The big question is whether Disney can collect the additional revenue without losing valuable customers who currently watch ESPN on regular TV packages. ESPN generated $6.04 per subscriber per month in carriage fees in 2014, or $7 billion for the full year, according to SNL Financial. That's more than four times the amount for TNT, the second-most expensive network.
That income could be at risk if there are enough die-hard sports fans who mainly subscribe to cable only because they want to get ESPN. The package won't include local broadcast networks that carry major NFL games, but it's simple enough to get a high-definition antenna and pick those up for free.
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Both ESPN and Dish contend that they are targeting the 12 million homes that have broadband Internet but no traditional pay-TV packages. "We think we can find a sweet spot of target consumers," a Dish spokesman said. For its part, Disney said "this will support the overall multichannel subscription model, while offering viewers yet another way to access Disney and ESPN content."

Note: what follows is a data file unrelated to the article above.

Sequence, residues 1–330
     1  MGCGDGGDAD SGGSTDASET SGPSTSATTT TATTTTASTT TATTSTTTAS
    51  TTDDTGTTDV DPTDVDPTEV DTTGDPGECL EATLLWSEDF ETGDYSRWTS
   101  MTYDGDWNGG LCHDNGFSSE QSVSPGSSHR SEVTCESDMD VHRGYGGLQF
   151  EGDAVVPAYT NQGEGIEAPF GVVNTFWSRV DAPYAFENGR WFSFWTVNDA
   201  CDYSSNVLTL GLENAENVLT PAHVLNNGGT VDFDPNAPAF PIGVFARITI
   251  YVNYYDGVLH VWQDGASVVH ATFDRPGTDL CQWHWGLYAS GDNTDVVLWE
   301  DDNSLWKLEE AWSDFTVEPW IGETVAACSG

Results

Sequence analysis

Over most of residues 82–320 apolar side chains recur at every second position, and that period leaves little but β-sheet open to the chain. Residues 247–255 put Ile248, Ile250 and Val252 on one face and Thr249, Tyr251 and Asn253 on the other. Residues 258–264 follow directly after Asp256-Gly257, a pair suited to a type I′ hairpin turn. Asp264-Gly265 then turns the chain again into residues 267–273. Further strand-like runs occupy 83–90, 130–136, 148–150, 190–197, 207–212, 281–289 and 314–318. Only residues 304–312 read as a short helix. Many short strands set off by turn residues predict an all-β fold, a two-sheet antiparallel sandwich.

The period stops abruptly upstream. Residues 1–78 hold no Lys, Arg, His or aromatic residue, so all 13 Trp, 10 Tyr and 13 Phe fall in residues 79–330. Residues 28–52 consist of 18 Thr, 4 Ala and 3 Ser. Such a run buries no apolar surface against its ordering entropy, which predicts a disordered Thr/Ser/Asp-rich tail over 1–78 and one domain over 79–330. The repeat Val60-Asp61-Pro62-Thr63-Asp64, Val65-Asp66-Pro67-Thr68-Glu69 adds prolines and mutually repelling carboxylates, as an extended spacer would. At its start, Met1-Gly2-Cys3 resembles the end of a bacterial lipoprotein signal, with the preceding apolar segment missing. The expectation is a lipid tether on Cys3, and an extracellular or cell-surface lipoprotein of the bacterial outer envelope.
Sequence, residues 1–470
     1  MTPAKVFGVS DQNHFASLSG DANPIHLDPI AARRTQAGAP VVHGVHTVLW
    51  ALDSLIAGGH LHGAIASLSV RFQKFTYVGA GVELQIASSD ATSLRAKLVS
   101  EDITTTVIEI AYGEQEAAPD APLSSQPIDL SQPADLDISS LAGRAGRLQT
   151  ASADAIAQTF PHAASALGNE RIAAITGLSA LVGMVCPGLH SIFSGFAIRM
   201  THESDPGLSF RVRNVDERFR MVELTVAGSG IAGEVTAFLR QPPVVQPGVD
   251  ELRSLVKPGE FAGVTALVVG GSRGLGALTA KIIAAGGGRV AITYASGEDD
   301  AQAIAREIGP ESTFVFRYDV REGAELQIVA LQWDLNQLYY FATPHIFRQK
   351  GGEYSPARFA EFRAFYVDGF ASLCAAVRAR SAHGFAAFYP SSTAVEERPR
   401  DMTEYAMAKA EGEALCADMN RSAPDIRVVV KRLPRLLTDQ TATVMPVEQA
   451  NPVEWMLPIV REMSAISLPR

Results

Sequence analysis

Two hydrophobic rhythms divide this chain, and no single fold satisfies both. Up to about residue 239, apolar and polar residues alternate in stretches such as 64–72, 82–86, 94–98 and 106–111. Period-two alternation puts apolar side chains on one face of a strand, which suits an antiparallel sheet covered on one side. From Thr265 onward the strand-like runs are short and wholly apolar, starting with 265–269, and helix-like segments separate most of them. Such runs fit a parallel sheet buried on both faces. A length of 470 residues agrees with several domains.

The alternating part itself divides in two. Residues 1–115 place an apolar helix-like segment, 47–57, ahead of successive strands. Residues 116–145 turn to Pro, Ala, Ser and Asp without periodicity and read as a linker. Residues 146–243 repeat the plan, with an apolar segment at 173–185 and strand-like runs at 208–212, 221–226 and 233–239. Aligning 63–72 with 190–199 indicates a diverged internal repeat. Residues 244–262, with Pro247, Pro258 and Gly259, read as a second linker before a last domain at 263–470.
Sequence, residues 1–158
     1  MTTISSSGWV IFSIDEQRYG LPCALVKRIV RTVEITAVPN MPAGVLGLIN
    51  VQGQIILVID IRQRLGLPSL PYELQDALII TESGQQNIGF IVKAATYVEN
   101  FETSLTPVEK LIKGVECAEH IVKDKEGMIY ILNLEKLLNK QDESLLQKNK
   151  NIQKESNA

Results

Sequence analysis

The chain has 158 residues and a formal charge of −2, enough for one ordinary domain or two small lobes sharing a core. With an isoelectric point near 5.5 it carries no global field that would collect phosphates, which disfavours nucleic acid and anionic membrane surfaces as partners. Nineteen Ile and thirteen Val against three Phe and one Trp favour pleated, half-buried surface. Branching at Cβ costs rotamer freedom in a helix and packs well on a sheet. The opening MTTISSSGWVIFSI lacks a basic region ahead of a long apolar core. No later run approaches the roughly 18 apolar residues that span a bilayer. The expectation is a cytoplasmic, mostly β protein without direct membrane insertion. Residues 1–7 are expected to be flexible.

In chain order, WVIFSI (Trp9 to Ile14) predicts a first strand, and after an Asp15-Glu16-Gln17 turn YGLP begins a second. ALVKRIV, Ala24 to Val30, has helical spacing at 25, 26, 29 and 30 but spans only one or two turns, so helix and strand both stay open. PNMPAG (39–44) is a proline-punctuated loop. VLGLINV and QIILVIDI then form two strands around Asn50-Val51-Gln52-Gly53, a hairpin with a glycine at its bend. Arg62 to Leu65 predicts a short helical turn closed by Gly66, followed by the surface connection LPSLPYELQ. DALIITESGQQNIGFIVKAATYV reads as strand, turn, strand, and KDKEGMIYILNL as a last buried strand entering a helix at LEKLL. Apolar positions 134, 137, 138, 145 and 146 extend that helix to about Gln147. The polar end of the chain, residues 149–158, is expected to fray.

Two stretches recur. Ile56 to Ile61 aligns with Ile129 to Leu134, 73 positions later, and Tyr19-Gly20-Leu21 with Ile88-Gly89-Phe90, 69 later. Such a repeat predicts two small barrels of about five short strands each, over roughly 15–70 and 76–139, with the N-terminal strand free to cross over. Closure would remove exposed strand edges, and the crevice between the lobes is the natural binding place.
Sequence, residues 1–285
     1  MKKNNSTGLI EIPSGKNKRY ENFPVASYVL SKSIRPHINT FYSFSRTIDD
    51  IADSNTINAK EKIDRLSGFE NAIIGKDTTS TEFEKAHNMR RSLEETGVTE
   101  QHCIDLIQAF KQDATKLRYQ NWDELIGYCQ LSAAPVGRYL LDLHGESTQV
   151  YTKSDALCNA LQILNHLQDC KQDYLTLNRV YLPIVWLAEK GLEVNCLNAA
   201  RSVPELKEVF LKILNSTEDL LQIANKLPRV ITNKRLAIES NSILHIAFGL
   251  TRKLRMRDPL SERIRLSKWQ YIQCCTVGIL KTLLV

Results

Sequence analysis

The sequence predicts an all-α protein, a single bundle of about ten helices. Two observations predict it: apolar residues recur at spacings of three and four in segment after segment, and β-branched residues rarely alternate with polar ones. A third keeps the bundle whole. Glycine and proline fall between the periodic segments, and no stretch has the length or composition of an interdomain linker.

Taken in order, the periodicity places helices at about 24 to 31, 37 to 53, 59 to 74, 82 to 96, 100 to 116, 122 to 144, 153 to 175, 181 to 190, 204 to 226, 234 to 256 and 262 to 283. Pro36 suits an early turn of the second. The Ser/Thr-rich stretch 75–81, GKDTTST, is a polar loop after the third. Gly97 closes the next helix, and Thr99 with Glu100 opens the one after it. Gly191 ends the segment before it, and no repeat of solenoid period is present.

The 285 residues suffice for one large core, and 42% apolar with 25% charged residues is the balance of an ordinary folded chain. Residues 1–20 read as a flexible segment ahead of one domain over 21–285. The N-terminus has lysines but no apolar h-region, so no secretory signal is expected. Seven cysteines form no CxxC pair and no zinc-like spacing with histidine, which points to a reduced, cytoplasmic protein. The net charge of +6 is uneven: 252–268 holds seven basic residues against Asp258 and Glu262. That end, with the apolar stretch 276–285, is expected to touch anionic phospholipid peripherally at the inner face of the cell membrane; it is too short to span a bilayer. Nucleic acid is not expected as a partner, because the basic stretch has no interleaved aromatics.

Indeed, ESPN and Dish appear to have taken careful steps to prevent the loss of valuable cable subscribers. A person familiar with the matter pointed out that the service will have a "single stream" policy that prevents different people in the same household from watching different channels. That limitation alone will likely prevent many homes from being tempted to "cut the cord." The restriction "makes the service completely unusable in a multi-TV household," said Todd Juenger, an analyst at Sanford C. Bernstein.